RECT presents holiday comedy

November 07, 2004|JENNIFER BRUMMETT

HARRODSBURG - To open the holiday season, Ragged Edge Community Theater will present a comedy, "Greetings!" by Tom Dudzick.

Director Gary McCormick describes the play as "a delightful comedy that makes each of us examine why we have faith - or lack of - and how that affects the way we live our lives."

"The playwright uses Christmas as the focal point to take inside the Gorsky family," he explains, "an Archie Bunker-type mom and dad, a rebellious son, his new fiance, and their very special son, Mickey, who is handicapped. We see their flaws and their struggles and, in the end, their love for one another. It is a great holiday season show.

"'Greetings' is a wonderful comedy that is a bit sneaky. The play is rolling along and suddenly the audience begins to see and hear questions about spirituality. Why do people feel the way they do about faith or lack of faith? The play shows how events that happen in our lives can have an impact on our faith. With faith comes love, and that is the glue that holds families together no matter what. This is definitely a comedy that will make you laugh but it will also touch you with it's sentiment."


The cast includes Walter Eng as Andy; David Ross as Phil; Kathy Jones as Randi; Andrew Leckie as Mickey; and Sheila Miller as Emily.

Working with the role of Mickey has provided required just a bit of extra effort, McCormick notes.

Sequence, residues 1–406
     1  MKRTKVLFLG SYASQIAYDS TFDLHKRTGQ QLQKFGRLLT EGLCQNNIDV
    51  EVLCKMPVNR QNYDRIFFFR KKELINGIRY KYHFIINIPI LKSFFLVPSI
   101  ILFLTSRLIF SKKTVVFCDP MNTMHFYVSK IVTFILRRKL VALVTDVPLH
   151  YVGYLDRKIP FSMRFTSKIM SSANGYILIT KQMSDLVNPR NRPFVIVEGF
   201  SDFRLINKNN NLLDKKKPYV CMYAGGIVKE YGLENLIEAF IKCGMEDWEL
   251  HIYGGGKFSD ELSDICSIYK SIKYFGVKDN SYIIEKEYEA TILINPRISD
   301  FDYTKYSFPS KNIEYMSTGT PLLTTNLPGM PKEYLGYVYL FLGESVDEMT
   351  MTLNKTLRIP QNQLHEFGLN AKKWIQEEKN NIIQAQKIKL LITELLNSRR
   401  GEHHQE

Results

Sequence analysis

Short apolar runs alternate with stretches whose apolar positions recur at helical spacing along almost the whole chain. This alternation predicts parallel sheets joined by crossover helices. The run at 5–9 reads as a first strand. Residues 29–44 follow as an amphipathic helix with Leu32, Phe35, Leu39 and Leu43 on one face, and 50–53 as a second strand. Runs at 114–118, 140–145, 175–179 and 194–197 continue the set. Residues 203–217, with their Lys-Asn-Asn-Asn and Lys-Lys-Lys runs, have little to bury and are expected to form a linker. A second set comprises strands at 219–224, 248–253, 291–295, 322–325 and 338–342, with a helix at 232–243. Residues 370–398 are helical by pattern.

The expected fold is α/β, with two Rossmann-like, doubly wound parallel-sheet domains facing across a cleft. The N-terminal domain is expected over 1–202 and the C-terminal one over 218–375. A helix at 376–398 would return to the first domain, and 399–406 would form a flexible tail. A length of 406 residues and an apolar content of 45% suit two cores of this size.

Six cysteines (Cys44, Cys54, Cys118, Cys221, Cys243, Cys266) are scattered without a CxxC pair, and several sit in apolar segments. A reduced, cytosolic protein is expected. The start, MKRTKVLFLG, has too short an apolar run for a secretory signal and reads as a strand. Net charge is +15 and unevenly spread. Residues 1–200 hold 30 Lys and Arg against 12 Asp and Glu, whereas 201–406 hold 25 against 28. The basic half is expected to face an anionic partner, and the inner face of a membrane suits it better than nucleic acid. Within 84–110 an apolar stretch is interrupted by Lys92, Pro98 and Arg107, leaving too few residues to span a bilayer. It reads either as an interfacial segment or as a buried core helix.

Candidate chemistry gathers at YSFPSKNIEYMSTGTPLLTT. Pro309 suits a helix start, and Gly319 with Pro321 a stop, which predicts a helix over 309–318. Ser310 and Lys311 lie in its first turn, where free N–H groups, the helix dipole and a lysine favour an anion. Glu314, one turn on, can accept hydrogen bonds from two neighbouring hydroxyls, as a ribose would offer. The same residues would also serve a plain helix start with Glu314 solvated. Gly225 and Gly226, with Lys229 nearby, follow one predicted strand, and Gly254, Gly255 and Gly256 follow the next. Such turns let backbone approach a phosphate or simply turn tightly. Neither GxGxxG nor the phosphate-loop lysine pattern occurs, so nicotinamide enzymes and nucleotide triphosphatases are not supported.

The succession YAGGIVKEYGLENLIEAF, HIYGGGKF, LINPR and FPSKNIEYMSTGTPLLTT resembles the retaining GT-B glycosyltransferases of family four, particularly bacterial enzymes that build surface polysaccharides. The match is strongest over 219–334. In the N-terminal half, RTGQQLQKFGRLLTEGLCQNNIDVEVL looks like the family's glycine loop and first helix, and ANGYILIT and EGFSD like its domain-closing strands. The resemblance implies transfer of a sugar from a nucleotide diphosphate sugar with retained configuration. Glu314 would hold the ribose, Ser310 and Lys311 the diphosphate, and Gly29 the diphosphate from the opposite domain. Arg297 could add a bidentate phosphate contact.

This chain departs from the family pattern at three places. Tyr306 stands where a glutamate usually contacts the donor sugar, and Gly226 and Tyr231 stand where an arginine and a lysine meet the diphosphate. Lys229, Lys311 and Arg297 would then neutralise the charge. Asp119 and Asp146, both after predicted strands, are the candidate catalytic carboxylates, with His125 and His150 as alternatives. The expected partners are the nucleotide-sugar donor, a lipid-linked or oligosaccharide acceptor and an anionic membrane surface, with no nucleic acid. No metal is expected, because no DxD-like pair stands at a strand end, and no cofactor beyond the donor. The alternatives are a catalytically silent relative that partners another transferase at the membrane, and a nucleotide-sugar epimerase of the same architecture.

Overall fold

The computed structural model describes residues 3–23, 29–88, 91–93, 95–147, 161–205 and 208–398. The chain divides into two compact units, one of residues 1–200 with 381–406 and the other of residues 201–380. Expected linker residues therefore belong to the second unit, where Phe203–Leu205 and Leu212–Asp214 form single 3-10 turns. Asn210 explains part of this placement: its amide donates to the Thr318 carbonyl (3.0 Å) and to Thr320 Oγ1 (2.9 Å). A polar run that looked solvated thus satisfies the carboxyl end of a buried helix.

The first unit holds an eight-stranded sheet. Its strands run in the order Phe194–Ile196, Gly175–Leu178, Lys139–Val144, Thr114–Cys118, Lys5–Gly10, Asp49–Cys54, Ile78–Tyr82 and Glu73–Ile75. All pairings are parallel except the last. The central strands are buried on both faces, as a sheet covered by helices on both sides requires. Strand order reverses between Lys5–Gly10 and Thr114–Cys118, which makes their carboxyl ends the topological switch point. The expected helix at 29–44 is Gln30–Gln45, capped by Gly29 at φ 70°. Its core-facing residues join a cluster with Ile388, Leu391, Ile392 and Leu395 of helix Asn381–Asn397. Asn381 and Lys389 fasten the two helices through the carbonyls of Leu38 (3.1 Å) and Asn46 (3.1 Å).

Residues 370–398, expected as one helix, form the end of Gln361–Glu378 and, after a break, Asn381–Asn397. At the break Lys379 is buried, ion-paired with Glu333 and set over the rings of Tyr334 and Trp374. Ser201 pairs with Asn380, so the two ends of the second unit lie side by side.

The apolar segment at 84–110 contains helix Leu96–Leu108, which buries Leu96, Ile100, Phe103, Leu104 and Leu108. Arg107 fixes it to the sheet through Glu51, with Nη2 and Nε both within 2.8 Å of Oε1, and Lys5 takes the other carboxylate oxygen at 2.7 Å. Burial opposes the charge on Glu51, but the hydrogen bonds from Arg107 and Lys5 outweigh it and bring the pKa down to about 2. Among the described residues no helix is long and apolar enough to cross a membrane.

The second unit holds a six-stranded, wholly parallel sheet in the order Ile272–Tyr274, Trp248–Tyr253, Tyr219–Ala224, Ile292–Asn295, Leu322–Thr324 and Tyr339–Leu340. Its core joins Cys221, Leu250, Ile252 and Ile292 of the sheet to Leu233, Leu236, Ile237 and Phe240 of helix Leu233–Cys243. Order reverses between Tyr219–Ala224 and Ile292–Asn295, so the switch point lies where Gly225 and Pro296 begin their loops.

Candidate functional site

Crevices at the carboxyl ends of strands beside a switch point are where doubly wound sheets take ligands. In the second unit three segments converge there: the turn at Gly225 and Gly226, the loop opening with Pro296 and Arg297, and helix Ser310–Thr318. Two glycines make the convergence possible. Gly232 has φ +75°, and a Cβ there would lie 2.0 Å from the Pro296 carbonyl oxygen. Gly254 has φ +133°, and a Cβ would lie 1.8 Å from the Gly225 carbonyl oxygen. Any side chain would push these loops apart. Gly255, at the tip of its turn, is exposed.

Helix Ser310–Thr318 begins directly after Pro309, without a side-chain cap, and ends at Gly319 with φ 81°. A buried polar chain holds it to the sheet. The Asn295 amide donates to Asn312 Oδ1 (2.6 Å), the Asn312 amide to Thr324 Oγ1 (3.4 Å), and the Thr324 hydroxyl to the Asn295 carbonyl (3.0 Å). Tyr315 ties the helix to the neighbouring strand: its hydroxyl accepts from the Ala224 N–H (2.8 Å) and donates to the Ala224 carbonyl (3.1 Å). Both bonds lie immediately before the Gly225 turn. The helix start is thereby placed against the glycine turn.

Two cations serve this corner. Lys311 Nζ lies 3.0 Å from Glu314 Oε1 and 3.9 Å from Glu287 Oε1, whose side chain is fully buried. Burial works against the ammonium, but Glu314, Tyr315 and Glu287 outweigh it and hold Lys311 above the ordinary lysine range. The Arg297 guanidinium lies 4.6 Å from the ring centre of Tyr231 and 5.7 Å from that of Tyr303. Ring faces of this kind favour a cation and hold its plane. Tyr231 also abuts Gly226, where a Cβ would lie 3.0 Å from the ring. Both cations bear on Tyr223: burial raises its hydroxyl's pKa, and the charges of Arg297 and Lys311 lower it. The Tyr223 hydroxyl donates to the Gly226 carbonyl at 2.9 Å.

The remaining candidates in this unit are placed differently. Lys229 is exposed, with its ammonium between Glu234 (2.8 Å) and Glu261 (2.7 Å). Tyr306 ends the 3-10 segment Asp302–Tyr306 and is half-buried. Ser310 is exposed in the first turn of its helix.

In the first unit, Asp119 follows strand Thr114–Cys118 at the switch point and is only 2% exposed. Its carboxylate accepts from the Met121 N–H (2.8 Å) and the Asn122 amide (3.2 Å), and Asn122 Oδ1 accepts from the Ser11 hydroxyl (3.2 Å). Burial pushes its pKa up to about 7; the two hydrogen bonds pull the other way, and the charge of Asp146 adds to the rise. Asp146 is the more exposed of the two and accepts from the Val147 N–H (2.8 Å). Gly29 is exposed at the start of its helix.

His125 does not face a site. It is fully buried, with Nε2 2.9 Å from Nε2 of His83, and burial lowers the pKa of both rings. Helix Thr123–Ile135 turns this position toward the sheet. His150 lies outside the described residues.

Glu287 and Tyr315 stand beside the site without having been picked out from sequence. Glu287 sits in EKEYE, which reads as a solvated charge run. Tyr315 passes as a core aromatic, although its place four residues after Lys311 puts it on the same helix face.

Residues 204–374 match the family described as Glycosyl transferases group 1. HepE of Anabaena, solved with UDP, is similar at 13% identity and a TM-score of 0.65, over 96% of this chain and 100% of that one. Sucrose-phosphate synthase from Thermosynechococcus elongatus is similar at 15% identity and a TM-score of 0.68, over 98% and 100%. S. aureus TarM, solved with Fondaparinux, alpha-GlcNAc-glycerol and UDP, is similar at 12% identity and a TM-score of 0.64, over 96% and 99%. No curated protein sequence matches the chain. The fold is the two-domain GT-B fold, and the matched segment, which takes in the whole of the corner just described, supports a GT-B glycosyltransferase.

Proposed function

"First, you must be sensitive to treating this character with dignity as you would with any person that suffers from a disability or handicap," he explains. "Second, we had do our homework and learn about mental and motor function limitations that this character would have. We found certain physical actions that the actor could key in on to help him with this role."

When asked how "Greetings!" has challenged him as a director, McCormick says, "To make the characters real."

"Since it is a comedy, the actors have to play it straight - real - and not try to force the laughs. There are so many laugh lines in the play, you have to be careful and not overplay it. The other challenge is that the central character is a 31-year-old handicapped man that has the IQ of a 3-year child."

Play-goers should find all the characters and their stories appealing, McCormick adds.

"They will love the characters. They will laugh and enjoy the story that unfolds. It is the perfect show as we approach the holiday season."

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